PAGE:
“If you look around, there’s a strong correlation between those magic circle partners who’ve worked outside the UK before returning to London and those partners who’ve moved to work in US firms’ overseas offices in the UK.”
He adds: “It was less difficult moving from Freshfields in London to Shearman & Sterling in London than from Freshfields in Singapore to Freshfields in London.”
That said, his Shearman colleague corporate partner Lois Moore – speaking on behalf of herself and litigation partner Jo Rickard – says: “The cultural change between the magic circle and a US firm isn’t as different as everyone makes it out to be.”
For banking star David Ereira, who spent 17 years at Freshfields before joining Linklaters just over a year ago, life after Freshfields continues in the magic circle. This, he says, was a natural choice.
“I think it’s unusual to move from one magic circle firm to another, but it’s not unheard of,” says Ereira. “There was a huge range of opportunities open to me out of law and in law and I had to give very careful consideration to what I wanted to do. I chose another magic circle firm because I felt it would be an interesting and satisfying challenge. So far, I’ve been right.”
While having friends within Linklaters was an obvious attraction for Ereira, being able to reasonably gauge the firm’s expectations all but sealed the deal for him.
“A lot of the time people move to firms and after they get there find out what the place they thought they were moving to may or may not be,” he says. “I was able to estimate fairly early on what Linklaters was looking for.”
Having begun his legal career at Wilde Sapte (now Denton Wilde Sapte) in the 1980s, Ereira has now been a partner in three different firms. He believes this level of mobility is a good thing both for partners and partnerships.
“It’s good that people no longer spend their entire working life in one firm,” he says. “I think it’s unnatural, in a way, that people assume they have such a particularly narrow career path – particularly in the law.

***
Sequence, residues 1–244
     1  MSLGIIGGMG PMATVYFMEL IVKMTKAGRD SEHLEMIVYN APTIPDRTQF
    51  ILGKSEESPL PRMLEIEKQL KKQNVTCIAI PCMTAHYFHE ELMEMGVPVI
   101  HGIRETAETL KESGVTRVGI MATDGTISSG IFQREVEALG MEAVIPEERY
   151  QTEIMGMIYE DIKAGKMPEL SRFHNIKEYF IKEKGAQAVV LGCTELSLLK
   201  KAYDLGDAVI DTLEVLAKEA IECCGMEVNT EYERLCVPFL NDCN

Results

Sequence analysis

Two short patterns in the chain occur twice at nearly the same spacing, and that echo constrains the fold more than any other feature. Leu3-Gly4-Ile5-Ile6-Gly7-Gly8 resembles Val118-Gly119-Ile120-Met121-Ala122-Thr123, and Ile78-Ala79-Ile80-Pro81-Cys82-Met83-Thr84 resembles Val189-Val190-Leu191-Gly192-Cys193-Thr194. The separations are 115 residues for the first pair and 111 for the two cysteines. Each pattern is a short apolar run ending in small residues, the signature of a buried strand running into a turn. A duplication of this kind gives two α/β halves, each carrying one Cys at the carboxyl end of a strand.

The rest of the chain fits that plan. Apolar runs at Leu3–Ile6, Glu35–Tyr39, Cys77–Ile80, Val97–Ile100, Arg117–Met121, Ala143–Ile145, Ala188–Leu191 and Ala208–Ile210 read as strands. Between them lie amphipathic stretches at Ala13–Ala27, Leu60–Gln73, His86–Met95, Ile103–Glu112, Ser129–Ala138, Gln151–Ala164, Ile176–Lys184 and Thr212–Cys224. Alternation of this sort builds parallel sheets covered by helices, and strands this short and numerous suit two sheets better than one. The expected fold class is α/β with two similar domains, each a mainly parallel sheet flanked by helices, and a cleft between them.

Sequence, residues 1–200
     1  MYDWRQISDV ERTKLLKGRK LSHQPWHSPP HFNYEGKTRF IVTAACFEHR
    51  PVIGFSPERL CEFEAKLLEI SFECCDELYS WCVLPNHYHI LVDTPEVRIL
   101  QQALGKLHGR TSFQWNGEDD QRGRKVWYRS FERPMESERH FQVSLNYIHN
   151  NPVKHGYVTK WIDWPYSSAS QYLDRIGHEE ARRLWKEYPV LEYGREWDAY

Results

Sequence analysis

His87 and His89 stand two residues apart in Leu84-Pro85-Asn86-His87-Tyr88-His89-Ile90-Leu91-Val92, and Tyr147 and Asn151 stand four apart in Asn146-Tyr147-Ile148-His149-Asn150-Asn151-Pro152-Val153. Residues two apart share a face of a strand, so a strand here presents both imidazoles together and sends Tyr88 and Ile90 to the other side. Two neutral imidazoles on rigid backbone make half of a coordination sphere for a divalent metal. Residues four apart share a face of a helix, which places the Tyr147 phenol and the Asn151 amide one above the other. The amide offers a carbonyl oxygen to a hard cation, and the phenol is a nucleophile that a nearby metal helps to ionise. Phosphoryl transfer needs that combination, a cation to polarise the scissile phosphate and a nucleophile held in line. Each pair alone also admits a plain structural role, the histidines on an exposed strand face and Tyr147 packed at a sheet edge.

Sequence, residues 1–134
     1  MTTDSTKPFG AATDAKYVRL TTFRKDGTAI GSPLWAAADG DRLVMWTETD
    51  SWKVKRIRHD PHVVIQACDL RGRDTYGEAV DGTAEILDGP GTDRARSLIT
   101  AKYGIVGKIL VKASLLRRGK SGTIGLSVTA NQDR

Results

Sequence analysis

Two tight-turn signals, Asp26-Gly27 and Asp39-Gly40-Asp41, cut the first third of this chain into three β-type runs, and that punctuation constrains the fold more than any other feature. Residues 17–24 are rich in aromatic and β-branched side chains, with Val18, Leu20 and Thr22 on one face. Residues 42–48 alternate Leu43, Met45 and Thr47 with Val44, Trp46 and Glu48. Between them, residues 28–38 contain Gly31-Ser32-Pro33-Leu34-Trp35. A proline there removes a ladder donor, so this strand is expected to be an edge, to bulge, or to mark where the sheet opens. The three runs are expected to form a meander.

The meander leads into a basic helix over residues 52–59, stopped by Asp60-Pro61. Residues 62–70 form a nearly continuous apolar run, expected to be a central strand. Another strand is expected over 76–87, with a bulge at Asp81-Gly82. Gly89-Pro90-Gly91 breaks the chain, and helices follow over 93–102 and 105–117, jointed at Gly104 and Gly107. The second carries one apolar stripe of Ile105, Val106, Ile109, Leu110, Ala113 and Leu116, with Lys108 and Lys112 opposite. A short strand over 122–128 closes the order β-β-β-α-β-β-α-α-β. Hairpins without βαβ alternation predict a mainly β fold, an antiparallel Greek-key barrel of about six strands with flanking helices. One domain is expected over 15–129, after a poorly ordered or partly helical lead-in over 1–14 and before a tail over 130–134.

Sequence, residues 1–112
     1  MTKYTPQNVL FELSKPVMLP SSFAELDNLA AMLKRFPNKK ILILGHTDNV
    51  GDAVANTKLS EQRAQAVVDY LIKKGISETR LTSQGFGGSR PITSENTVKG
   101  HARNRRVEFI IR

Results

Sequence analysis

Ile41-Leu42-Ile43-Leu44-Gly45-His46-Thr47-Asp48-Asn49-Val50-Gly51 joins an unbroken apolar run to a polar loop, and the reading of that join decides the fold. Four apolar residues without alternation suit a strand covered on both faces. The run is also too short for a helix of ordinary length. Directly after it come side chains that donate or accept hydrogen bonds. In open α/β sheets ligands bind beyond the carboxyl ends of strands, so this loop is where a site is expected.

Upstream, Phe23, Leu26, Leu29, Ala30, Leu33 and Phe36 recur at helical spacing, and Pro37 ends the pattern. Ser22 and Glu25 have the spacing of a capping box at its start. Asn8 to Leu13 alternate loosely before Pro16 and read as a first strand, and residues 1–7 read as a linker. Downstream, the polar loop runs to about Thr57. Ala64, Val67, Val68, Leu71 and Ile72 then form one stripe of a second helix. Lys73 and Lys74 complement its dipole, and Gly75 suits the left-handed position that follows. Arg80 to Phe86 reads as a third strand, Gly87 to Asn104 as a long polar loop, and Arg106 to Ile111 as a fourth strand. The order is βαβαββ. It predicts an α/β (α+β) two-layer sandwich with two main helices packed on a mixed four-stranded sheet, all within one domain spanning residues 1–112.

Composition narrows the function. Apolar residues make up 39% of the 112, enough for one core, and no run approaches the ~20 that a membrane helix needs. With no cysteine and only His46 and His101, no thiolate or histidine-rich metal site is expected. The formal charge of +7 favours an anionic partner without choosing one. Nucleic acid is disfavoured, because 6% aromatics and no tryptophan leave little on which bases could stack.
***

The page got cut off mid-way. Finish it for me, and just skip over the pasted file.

“People that qualify as lawyers have tended to stay with one firm or move once. I think that’s incredibly narrow – lawyers should be doing lots of different things in lots of different ways.”
Arguably, it is possible to gain a wide variety of experiences within one firm, particularly as firms continue to expand geographically and hone their skills in a number of niche areas.
For Bloxham it was precisely this factor that kept his role at Freshfields interesting for 30 years. Having joined at a time when the firm was a generalist, a five-year stint in Paris saw Bloxham focus on banking then, when the economy stalled in the early 1990s, he turned his attentions to insolvency.
“The great privilege I had was that, while I was doing my job for a long time, it was always changing – either because I was doing something different or because each assignment was in a different sector or had its own unique problems to grapple with,” he says.
However, from Harvey-Samuel’s point of view, the sheer scale of the work carried out by the magic circle almost precludes its lawyers from experiencing much variety.
“The magic circle is so siloed that there are things you could do, but they’re done by a different team so you don’t get to do them,” he explains. “People come here [Shearman] to work across a wider spectrum. There are less restrictions about the kind of work you can do without treading on people’s toes.”
As hackneyed as the expression may be, variety is, to a large extent, the spice of life. Breaking up a partnership relationship will never be an easy thing to do, but for the sake of individual professional development it could be essential.
As Ereira points out: “The moral of the story is that at any stage of your career, you are able to, if you want to, move on and do new things and take on new challenges. It’s easy to fall into the trap of being comfortable and secure without challenging that. Actually, that’s a recipe for disaster.”
but can there be happiness after the magic circle? Ex-Freshfields partners believe there can